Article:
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Communautés, biomasses et productions algales au sein d'un récif artificiel (acadja) en milieu lagunaire tropical = Algal communities, biomasses and production in an artificial reef (Acadja) built in a brackish tropical lagoon
Guiral, D.; Arfi, R.; Da, K.P.; Konan-Brou, A.A. (1993). Communautés, biomasses et productions algales au sein d'un récif artificiel (acadja) en milieu lagunaire tropical = Algal communities, biomasses and production in an artificial reef (Acadja) built in a brackish tropical lagoon. Rev. Hydrobiol. Trop. 26(3): 219-228
In: Revue d'Hydrobiologie Tropicale. Editions ORSTOM: Bondy. ISSN 0240-8783, more
Peer reviewed article  

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Keyword
    Marine

Authors  Top 
  • Guiral, D.
  • Arfi, R.
  • Da, K.P.
  • Konan-Brou, A.A.

Abstract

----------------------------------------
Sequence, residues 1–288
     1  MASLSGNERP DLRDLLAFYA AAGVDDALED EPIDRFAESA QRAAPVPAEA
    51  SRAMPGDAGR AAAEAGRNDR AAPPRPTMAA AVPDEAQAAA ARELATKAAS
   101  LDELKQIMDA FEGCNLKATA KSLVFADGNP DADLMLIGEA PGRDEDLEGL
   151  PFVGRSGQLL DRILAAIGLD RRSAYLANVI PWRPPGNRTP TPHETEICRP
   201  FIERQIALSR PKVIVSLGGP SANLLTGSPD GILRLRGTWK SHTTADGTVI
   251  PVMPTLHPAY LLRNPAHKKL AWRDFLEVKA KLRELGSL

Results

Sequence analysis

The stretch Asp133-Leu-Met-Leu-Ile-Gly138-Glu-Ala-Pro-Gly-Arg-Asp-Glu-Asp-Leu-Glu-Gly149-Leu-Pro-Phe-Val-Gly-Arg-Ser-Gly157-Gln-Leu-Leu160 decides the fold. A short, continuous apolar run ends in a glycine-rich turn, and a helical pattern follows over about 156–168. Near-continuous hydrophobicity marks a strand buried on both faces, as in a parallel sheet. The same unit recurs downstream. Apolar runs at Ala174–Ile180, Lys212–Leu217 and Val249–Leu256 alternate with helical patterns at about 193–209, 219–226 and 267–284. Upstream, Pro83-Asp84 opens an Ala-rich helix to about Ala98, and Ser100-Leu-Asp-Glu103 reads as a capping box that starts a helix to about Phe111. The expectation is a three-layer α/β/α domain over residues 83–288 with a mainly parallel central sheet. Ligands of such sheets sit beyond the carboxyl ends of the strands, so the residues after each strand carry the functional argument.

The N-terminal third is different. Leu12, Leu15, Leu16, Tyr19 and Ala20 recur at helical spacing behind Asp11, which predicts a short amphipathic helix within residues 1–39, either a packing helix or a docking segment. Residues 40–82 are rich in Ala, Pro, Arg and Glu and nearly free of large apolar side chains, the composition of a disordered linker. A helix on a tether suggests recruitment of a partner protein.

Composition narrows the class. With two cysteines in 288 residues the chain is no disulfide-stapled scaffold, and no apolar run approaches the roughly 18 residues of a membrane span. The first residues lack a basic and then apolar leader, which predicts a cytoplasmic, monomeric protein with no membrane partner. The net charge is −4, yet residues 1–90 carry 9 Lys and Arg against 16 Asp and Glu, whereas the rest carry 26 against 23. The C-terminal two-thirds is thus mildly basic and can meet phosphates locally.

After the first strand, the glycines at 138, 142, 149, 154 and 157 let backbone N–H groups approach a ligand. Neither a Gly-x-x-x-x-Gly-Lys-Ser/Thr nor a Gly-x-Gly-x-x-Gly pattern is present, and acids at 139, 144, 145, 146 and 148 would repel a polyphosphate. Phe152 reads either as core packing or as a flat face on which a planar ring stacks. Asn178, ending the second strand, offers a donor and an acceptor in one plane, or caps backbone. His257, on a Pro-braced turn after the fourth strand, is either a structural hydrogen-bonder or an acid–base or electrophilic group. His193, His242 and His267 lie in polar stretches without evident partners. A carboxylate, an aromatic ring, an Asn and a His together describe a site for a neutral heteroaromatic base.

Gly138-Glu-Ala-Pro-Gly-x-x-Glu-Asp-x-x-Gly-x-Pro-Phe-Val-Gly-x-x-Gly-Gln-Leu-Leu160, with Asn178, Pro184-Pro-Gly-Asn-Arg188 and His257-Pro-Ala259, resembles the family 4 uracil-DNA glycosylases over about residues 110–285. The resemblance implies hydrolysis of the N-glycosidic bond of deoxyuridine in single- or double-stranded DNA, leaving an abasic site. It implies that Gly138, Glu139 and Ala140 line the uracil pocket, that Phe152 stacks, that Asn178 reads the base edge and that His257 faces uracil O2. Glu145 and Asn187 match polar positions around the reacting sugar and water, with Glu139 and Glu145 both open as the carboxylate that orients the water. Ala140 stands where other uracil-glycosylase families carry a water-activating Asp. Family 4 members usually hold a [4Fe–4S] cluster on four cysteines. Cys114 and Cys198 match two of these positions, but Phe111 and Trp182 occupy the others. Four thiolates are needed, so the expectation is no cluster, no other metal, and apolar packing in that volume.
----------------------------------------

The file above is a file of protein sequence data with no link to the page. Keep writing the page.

In an extensive aquaculture structure established in an oligohaline and turbid area of the Ébrie Lagoon (Côte d'Ivoire), biomass production, energetic yields and specific composition of the phytoplanktonic and periphytic communities are compared. The structure, called acadja corresponds to an artificial reef of bamboo stuck into the sediment. The periphytic and phytoplanktonic biomasses within the acadja were 4 times higher than that of lagoon water and 73 % of this biomass corresponded to the fixed community. The total autotrophic production of acadja estimated at 9.9 g C.m-².j-¹ was 4.5 times higher than that of lagoon water, of which 80 % are produced by the periphytic population. This high productiuity of acadja is linked to: -an important spatial concentration of the periphyton which is not exposed to the hydrodynamic effects and is little affected by sedimentation processes; -a productiuity per biomass unit and a photosynthetic efficiency significantly higher for fixed communities than for pelagic communities. The periphyton included 3 groups of filamentous algae dominated by a Chlorophyceae (Rhizoclonium riparium) and some Cyanobacteria of the genus Lyngbia for the more productive surface layers and a Rhodophyceae (Audouinella daviesii) for deeper layers. These filamentous algae were in turn colonized by epiphytic Diatoms forming a diversified (37 species) sub-community dominated by the genera Melosira and Nitzschia. Considering the high photosynthetic yield of the fixed communities (5.2 % for periphyton against 0.8 % for phytoplankton), acadja allows a noticeable increase in the natural productivity of the lagoon environment. In acadja, phytophagous fish farming would constitute a possible use of the surplus autotrophic production.

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